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Carbonation

I’m new to home brewing, to date I’ve done about 9 batches, all extract. So far all the ales have turned out really well, but my batches are never really carbonated by the 2nd week in bottles. It’s usually more like 4 weeks before it’s where I really like it. The silver lining is that the flavor is always better by then as well, so maybe I just need to be patient. When I move the beer from the primary to the secondary I try not to pick up the trub, and when I go from the secondary to the bottling bucket I’m careful not to pick up much of the sediment. I was thinking may be I shouldn’t be as careful because maybe I need to pickup more of the yeast.

On a different subject, I have really enjoyed the extract kits but it seems like everyone ends up going to All Grain. Is the endproduct that much better, or is it just more of a purest approach to brewing? Like a lot of people I’m really busy and I like extract just because it seems on the surface, it seems to less demanding in terms of time.

Thanks

What temperature are the bottles being stored at? 70-80°F is ideal for bottle conditioning. Since the beers do carbonate eventually, you clearly have enough yeast, and I wouldn’t deliberately try to get more sediment in the bottles.

You can definitely make very good beers using extracts, but AG will probably improve your beers in the long run. The key in either case is to use fresh, quality ingredients. AG does give you more flexibility (there are beers that simply can’t be made without mashing), and is cheaper.

My bottles have been stored in the basement, and it is pretty cool about 62 degrees during the fall and winter months. This is also where I keep my fermenters as well, and during the cooler months I use kits that the yeast ferment downs to 58 or 60 degrees.

May be the yeast are a bit on the lazy side do to the temperature. Thanks for the posting.

At 62 degrees it’s going to take longer to get the carbonation going. Move them upstairs or to a warmer room where you can reach at least 70 degrees. At that range you should have no problem carbing within two weeks.

Yep, as others mentioned your beer will carb quicker if you put them some place a bit warmer.

Just an opinion but I wouldn’t rush in to all-grain. You can make very good beer with extract assuming you can get your hands on high quality fresh stuff (due to NB’s volume theirs is always quite fresh). It also is a good way to work through understanding a lot of the basics, temp control, yeast pitching rates, aeration, etc. I eventually moved over because I wanted to be able to brew a wider variety of beers. I’ll still knock out an extract batch here and there since I can do it at the same time I’m brewing and all grain batch.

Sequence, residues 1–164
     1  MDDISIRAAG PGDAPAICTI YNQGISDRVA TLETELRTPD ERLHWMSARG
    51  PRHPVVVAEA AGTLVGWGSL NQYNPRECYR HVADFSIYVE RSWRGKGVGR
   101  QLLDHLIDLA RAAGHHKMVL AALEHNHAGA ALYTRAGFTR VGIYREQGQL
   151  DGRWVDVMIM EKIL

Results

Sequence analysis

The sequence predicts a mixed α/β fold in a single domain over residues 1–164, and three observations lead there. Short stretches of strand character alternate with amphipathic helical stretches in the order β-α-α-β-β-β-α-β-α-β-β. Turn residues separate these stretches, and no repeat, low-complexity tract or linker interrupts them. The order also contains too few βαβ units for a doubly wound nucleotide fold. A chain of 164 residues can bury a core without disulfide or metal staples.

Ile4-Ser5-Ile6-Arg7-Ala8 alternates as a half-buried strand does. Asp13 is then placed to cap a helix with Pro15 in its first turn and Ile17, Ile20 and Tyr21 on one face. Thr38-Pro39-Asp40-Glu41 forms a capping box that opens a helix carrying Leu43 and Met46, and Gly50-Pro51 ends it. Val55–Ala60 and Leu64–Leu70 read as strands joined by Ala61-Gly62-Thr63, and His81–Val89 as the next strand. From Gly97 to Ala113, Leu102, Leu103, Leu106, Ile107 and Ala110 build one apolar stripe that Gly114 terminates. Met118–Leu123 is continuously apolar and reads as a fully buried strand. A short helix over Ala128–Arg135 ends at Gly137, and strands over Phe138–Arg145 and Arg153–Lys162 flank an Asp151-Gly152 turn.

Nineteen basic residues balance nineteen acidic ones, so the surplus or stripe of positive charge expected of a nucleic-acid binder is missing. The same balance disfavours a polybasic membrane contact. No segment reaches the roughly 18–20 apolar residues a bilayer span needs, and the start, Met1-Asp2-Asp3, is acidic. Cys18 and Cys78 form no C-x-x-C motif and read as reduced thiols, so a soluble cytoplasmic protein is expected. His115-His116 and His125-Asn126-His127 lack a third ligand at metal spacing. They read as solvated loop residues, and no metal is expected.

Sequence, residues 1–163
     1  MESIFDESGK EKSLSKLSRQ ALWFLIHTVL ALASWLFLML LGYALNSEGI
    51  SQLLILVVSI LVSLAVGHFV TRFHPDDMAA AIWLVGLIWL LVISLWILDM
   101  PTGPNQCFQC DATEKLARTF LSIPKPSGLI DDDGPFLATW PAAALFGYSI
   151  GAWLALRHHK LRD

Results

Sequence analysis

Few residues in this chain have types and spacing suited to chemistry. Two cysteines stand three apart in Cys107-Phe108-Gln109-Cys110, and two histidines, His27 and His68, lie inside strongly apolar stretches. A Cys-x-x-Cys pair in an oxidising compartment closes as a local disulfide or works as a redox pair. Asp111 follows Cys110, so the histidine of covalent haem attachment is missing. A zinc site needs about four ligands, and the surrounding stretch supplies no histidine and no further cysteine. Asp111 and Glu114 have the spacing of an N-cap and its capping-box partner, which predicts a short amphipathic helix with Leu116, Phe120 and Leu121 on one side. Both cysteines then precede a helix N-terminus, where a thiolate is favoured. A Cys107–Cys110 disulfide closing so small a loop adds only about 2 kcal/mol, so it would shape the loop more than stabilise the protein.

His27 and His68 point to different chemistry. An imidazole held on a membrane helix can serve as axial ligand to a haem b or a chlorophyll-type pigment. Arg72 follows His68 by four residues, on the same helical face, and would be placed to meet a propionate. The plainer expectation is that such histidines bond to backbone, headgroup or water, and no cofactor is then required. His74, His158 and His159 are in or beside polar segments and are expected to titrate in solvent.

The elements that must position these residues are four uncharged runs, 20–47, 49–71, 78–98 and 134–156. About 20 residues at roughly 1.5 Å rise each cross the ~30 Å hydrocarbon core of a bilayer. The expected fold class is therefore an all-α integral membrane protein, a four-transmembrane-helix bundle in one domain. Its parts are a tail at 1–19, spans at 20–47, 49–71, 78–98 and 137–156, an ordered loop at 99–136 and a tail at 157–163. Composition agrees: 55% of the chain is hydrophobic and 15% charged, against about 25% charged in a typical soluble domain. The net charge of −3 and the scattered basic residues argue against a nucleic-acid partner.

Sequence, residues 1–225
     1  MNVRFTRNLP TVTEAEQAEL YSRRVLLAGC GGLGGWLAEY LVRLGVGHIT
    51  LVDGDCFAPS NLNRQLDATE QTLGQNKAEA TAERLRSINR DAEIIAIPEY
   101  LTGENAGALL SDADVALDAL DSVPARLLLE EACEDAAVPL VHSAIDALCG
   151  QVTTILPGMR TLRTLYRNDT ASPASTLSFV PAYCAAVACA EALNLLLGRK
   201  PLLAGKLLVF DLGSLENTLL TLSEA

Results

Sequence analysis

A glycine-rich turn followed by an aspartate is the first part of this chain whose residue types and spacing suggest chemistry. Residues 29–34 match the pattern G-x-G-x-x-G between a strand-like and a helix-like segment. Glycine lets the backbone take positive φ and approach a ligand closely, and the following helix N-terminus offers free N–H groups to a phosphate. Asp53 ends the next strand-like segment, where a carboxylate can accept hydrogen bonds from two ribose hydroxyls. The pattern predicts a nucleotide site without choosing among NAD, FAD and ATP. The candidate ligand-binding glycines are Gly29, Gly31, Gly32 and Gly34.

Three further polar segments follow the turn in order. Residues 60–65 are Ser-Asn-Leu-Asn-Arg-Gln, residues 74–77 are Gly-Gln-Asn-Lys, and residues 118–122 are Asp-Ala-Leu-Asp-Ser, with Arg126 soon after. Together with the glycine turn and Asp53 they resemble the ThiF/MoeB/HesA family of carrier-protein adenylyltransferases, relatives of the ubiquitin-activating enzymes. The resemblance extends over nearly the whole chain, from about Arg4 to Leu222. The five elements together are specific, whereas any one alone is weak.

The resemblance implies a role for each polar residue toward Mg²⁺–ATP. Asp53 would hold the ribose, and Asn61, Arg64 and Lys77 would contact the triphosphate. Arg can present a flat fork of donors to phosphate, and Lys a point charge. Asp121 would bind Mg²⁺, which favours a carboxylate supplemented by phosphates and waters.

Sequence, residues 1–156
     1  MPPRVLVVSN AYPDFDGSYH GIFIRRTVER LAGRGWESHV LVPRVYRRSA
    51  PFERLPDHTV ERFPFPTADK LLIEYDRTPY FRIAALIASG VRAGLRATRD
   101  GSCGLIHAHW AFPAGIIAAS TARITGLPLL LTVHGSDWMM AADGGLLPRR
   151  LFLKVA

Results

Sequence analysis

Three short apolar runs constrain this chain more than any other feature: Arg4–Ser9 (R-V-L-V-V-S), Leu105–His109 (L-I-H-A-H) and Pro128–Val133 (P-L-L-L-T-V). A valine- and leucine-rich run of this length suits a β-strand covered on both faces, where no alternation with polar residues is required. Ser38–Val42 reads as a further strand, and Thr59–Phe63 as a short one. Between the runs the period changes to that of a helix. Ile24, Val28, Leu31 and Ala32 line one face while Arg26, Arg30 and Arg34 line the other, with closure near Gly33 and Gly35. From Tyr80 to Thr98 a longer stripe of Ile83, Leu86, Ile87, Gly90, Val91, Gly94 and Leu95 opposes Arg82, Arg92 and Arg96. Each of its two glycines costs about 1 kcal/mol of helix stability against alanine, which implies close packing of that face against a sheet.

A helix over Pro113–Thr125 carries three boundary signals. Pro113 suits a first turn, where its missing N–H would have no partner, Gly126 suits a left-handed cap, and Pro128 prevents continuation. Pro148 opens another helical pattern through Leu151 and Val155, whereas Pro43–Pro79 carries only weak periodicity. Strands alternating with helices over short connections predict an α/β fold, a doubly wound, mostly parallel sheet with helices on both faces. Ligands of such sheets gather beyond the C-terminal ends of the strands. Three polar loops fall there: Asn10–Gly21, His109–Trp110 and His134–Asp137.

+1 on storing bottles in a warmer spot. Also, +1 on not picking up any “extra” trub or sediment. I’ve found that I get clearer beers, plenty of carbonation and a lot less sediment in the bottle.

I recently switched to all grain. After brewing several extract batches and finding the end product to be delicious, I only switched to all grain because of the challenge and the pleasure of doing it all myself. There’s something to be said, I suppose, about putting it all together yourself.

Re: carbonation, I’ve had the same experience: 3 weeks at 65 degrees or less, 1 week at 75.

I like the results better, but partly that’s because it’s recipes that I devised on my own, and the beer itself is like a little lesson in how I can make it better the next time. I also really enjoy the process, although it takes some getting used to. I wouldn’t say it’s more “purist,” though. You’re working with the same ingredients (malt sugars), you’re just obtaining them in different ways (buying them vs. extracting them yourself).

All grain is definitely more time consuming, but I’ve started breaking it up over the course of a whole weekend and am able to basically keep it out of the way of other things I have going on. Like, I measure everything out, crush the grains, get everything clean and ready, etc., as I have time throughout Friday night and Saturday, then I brew on Sunday.